After the aggressive and unjustified war, can we still be proud of our victory over Nazism?
From here on out, if one has to be proud, the governmentshouldn’t have to do anything with it at all. No government in Russia - after Putin, of course - will have direct propaganda access to Victory Day anymore. But what about the shattered worldview, the fact that everything will supposedly fall apart like a house of cards? Well, we weren't the first and probably won't be the last.
The Germans reassembled their self-consciousness after 1945 without national supremacy. With relative ease they gave up (although, according to contemporary historians and sociologists, it took them almost a whole 30 years to do this - and it was the next generation which definitively accomplished it) the idea of a “thousand-year Reich,” of an “Aryan race” and of German exceptionalism opposed, of course, to the mercantile spirit of the Anglo-Saxons.
And the Japanese somehow survived the collapse of their beliefs. In 1945, just after the country's defeat in the world war, Shinto's status as the state religion was abolished, although it seemed to Japanese conservatives that without that bond, society would collapse. It did not. Moreover, the following year, 1946, Emperor Shōwa issued the Humanity Declaration denying his divinity. Before that, the Japanese had believed in the divine nature of their emperors. Here is a characteristic quote from there:
“The ties between Us and Our people have always stood upon mutual trust and affection. They do not depend upon mere legends and myths. They are not predicated on the false conception that the Emperor is divine, and that the Japanese people are superior to other races and fated to rule the world.”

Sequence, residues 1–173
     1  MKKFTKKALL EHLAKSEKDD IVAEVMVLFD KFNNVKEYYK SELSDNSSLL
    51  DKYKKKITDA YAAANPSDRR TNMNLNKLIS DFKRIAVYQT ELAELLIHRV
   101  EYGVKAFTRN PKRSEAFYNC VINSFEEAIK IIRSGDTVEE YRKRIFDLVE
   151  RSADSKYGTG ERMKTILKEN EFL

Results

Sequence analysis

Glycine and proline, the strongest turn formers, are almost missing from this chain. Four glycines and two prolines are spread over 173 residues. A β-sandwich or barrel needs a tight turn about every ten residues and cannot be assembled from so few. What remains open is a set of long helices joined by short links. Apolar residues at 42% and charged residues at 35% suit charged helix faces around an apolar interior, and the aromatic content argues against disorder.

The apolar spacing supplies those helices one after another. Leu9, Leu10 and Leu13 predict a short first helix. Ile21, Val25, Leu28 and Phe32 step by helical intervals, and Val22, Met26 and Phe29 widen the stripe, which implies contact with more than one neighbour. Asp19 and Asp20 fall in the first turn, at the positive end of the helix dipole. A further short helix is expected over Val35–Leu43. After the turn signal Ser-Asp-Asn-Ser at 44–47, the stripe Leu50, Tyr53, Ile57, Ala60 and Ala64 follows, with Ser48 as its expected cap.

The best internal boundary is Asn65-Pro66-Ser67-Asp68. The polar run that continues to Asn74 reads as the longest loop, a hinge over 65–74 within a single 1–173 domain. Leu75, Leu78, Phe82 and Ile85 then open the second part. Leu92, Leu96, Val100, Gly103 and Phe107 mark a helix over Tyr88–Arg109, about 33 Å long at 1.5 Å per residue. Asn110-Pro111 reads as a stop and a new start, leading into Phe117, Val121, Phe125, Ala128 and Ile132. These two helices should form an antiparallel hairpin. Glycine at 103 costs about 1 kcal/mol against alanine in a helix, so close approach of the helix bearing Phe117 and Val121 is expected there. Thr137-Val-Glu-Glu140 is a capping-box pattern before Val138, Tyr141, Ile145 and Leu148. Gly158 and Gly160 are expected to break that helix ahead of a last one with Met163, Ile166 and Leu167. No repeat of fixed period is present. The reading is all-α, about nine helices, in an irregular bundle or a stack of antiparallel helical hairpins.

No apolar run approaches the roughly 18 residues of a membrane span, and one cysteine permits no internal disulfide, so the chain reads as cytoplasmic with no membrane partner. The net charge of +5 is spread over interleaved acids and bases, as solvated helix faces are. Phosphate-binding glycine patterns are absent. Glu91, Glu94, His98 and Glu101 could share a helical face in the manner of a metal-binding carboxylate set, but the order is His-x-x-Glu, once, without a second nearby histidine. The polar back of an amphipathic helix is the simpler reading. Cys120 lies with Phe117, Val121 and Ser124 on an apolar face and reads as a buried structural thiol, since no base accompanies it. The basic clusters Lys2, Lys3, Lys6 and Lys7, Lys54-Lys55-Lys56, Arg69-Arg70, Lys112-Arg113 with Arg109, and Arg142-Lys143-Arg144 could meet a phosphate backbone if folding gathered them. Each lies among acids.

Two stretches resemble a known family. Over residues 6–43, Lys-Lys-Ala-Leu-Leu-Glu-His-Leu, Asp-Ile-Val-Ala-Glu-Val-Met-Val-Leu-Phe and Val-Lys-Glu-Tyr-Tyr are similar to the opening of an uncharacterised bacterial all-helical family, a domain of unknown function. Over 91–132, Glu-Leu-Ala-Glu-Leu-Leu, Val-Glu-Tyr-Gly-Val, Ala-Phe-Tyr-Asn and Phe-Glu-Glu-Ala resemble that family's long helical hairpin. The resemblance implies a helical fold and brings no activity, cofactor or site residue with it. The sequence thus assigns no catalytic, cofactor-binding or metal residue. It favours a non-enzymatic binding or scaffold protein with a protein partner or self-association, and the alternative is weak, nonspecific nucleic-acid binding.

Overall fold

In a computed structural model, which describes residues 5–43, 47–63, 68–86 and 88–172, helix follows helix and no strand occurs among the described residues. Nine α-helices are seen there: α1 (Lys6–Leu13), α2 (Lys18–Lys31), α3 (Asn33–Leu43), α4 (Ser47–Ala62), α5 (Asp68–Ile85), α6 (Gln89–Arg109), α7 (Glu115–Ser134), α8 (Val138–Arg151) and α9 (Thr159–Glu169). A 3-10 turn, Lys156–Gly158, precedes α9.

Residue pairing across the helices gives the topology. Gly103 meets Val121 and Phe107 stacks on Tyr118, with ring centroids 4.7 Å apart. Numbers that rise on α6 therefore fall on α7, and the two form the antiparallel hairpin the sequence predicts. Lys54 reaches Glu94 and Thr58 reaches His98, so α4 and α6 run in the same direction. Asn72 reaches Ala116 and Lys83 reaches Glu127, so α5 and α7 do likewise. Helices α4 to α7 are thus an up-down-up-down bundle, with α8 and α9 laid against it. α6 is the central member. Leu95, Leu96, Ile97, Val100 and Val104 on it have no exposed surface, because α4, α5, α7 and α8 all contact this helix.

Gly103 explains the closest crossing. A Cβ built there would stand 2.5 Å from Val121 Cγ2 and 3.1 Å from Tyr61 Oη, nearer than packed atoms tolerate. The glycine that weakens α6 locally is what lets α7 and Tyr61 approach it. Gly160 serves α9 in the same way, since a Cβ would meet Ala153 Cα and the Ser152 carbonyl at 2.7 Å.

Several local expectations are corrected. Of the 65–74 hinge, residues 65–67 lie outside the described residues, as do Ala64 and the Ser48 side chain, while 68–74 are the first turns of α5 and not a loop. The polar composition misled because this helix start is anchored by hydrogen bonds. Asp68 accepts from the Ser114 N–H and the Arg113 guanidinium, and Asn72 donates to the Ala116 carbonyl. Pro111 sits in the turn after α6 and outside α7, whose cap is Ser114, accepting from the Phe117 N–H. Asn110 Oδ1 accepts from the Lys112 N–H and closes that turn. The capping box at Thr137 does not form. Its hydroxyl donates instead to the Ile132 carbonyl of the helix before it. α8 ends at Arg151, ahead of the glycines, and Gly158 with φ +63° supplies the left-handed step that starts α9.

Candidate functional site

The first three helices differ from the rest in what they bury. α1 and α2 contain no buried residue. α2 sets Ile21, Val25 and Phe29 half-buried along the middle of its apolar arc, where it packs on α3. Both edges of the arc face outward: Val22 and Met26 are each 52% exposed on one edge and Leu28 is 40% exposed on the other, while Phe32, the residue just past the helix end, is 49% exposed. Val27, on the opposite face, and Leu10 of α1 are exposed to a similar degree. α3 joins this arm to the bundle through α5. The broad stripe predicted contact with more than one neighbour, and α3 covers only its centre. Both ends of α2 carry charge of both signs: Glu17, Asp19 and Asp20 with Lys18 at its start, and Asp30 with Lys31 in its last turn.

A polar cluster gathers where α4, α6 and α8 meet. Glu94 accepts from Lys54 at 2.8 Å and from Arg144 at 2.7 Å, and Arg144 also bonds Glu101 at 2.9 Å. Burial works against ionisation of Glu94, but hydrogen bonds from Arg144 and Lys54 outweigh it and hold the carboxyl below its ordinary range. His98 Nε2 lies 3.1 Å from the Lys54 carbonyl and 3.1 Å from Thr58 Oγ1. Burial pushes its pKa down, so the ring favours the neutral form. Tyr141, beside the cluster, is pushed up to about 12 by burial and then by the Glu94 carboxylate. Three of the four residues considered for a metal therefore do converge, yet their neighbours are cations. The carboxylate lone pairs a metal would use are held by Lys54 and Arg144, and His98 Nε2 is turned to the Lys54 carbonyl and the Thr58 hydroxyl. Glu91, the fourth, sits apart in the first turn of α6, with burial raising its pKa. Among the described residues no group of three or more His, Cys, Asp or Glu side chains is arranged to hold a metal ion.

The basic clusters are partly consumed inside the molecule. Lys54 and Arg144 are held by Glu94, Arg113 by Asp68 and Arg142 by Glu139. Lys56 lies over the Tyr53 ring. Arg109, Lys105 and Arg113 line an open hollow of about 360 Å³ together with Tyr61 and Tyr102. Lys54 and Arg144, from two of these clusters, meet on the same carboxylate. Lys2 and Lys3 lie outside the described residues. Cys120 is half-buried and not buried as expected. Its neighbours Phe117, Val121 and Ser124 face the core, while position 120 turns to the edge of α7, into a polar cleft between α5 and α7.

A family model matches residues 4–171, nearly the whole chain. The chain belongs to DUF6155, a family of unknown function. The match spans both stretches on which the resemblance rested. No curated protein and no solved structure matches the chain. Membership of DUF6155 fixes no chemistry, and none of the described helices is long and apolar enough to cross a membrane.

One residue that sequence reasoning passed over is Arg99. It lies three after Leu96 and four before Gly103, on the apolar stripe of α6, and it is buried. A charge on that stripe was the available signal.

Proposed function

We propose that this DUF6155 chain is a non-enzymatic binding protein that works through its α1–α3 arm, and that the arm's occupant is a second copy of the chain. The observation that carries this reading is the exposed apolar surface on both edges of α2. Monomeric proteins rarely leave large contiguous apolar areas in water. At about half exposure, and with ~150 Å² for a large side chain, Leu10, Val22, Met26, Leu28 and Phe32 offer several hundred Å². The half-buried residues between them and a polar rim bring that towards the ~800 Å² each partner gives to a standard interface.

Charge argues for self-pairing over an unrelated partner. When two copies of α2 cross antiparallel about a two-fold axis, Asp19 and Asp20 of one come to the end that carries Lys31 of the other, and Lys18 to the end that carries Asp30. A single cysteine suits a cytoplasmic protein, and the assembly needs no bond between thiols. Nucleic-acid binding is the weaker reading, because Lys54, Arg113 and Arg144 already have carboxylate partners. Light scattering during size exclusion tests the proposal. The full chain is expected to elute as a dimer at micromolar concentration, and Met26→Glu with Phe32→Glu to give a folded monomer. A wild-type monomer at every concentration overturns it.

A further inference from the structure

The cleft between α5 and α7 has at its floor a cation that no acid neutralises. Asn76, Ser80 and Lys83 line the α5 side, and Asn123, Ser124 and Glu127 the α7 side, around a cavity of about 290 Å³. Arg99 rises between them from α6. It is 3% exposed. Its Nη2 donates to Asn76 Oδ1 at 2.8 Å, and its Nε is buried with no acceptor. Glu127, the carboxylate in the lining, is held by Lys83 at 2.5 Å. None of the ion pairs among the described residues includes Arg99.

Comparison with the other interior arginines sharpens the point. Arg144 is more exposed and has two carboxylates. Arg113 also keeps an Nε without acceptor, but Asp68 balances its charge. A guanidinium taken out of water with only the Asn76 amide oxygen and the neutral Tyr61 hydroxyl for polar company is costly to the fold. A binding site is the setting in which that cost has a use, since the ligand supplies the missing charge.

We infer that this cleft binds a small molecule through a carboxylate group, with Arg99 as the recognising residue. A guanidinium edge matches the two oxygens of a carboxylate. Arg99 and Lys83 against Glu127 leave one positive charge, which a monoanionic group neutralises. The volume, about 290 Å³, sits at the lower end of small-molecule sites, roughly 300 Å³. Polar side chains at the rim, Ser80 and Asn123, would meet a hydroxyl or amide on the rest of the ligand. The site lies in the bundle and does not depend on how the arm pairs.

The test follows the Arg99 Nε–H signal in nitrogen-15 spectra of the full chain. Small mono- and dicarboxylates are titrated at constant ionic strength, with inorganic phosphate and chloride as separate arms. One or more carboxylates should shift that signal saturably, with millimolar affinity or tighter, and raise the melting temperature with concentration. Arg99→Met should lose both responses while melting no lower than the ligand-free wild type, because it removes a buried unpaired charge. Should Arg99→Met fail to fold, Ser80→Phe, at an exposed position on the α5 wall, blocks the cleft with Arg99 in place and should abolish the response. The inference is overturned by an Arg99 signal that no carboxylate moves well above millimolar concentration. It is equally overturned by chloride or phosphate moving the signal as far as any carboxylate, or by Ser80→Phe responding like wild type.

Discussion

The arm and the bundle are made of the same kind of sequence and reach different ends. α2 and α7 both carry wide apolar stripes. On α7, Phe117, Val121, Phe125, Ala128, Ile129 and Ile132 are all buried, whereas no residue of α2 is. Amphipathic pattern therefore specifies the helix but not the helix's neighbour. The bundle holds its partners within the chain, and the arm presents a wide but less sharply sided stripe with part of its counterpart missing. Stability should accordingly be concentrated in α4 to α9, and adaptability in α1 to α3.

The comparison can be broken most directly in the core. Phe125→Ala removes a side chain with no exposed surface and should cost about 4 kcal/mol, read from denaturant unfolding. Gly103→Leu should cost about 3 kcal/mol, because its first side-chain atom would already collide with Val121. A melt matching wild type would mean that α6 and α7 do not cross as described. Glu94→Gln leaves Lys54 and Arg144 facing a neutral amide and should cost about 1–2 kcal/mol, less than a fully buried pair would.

Even our ancestors after the defeat in the Crimean War (there is no need to look farther for examples) easily renounced such “spiritual bonds” of Nicholas I's Russia as serfdom, the recruitment army and judicial arbitrariness. True, no “bond” was created based on the victory over Napoleon in Nicholas's time. But serfdom was truly a cult at the time, a real “bond.” The entire repressive machine of the empire was engaged in suppressing those who said that it could and should be abolished.
Moreover, - even among intellectuals many said serfdom was a good thing. They said that false freedoms and revolutions were only good for Europe, not for us, God forbid. The peasants obey the landlords, and the landlords obey the Tsar. Here is a typical quote by Tyutchev from 1848:
“And when over such a tremendous collapse of <Europe and Western values> we see an even more tremendous Empire surfacing like the Holy Ark, who dares to doubt its calling, should we, its children, show disbelief and cowardice?”
A few years later, after the defeat in the Crimean War, in a letter to his wife Tyutchev wrote that it was a war between “crooksand scoundrels.”
This crushing defeat somehow organically swept away all the ultrapatriotic narratives about serfdom and Russia as a shining holy ark (also Tyutchev’s metaphor).
According to Leo Tolstoy, in 1856 “the time came when all Russia (!) celebrated the destruction of the Black Sea Fleet, and white-stone Moscow greeted and congratulated the remnants of the fleet's crews on this happy occasion, offered them a good glass of Russian vodka and bread and salt, in keeping with good Russian custom, and bowed at their feet.”
Tolstoy continued: it was “a time of civilization, progress, questions, the revival of Russia.”
In general, it turned out that an old idea gets easily replaced with new ones, such as civilization and progress. The next 15 years of great reforms passed under the sign of those ideas. And Tyutchev stopped writing about politics – he only said that “one can only believe in Russia.”